Tom Brook-Pollock The Independent
A Jewish peer who fled occupied Austria as a child is funding the rescue of up to 2,000 Christians from Syria and Iraq as a way of showing his gratitude to the religion whose members saved him from the Nazis.
Lord Weidenfeld says he has “a debt to repay” to Christians fleeing Isis, because the Quakers and the Plymouth Brethren fed and clothed him and helped him to reach Britain in 1938.
The publisher is spearheading Weidenfeld Safe Havens Fund, which last week supported the flight of 150 Syrian Christians to Poland on a privately chartered plane to allow them to seek refuge, making them the first beneficiaries of the resettlement project.
Having arrived in Britain on a train a year before the start of the Second World War with just a few shillings to his name, Lord Weidenfeld went on to establish the Weidenfeld and Nicolson publishing business a decade later. He was made a life peer in 1976.
READ MORE: SIR NICHOLAS WINTON: HUMANITARIAN KNOWN AS ‘BRITAIN’S SCHINDLER’, WHOSE EFFORTS SAVED HUNDREDS OF JEWISH CHILDREN FROM THE HOLOCAUST
The 95-year-old told The Times: “I had a debt to repay. It applies to so many young people who were on the Kinderstransports. It was Quakers and other Christian denominations who brought those children to England.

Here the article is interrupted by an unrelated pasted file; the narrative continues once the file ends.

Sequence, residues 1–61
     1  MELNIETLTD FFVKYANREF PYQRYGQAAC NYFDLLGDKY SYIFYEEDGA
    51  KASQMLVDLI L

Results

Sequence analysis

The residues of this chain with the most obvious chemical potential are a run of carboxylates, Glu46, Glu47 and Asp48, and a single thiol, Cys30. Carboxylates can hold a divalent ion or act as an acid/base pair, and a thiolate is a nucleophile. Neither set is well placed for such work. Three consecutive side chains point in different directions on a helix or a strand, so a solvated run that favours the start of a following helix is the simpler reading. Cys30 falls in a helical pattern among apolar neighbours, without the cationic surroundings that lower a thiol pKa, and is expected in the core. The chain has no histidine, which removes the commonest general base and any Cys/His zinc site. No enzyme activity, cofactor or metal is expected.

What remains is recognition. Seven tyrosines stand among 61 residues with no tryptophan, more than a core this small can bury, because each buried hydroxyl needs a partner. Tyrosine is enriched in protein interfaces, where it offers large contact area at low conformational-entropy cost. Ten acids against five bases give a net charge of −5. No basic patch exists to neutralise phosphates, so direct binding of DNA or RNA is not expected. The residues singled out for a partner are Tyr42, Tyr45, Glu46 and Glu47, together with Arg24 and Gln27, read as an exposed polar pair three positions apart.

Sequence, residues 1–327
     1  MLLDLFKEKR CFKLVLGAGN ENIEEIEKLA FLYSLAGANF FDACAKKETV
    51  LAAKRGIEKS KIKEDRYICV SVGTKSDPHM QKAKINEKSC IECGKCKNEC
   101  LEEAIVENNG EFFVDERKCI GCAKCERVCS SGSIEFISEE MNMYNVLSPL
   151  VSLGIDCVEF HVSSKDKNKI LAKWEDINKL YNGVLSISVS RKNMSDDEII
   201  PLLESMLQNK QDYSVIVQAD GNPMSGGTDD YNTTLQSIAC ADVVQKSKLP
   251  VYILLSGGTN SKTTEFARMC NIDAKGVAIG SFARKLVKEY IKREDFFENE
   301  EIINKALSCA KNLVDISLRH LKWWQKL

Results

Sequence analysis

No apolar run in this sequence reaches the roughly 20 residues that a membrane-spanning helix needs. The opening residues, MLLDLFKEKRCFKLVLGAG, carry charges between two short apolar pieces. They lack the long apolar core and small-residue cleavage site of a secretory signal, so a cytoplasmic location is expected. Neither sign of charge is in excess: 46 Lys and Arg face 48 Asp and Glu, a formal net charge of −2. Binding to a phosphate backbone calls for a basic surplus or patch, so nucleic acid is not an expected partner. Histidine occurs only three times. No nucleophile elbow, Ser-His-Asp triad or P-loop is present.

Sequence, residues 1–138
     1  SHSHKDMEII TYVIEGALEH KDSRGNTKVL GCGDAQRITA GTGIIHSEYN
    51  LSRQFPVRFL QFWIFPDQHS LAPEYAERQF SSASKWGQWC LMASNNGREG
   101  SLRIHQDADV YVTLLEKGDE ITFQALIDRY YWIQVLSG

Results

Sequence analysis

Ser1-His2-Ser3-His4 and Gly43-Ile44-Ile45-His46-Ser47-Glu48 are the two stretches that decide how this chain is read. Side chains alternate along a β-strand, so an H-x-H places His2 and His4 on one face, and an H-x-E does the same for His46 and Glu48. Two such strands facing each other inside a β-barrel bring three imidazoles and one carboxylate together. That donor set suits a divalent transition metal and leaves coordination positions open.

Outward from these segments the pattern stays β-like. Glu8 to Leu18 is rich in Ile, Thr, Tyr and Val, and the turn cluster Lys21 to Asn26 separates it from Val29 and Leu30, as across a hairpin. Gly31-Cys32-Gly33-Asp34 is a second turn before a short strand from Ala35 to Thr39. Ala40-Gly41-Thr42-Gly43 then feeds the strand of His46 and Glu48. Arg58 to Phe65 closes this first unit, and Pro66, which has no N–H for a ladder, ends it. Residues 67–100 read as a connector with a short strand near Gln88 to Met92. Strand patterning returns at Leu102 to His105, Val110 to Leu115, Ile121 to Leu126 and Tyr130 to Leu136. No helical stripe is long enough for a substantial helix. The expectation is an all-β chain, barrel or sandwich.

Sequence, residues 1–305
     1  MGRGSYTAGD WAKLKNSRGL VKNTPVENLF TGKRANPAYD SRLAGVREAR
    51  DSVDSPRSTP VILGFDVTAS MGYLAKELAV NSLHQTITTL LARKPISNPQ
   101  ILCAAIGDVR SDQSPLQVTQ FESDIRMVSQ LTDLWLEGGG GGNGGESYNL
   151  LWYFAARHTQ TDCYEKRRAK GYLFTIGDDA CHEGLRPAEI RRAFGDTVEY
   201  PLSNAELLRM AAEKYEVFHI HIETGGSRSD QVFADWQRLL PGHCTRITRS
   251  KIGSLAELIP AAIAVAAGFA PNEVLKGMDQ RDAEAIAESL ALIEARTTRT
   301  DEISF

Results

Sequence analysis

“It was very high-minded operation and we Jews should also be thankful and do something for the endangered Christians.”
The fund aims to offer 12-18 months of paid support to the refugees.
But the project has run into criticism for its exclusion of Muslims who have also been forced from their homes by Isis, for fear of murder, enslavement or torture.
Countries including the United States have declined to participate in the scheme, which has the support of the Syrian regime of Bashar al-Assad.
Christians, as well as Yazidis, Druze and Shia Muslims are being persecuted by the terror group in Isis-controlled areas of Syria and Iraq.
The Christian populations of both countries have fallen precipitously in the past decade, however, and Lord Weidenfeld defended the project’s narrow focus.
He said: “I can’t save the world, but there is a very specific possibility on the Christian side. Let others do what they like for the Muslims.”
He added that he hoped to replicate the work done by the likes of the late Sir Nicholas Winton, who helped to organise Kinderstransport trains that saved more than 10,000 Jewish children from the Nazis. Sir Nicholas died on 1 July.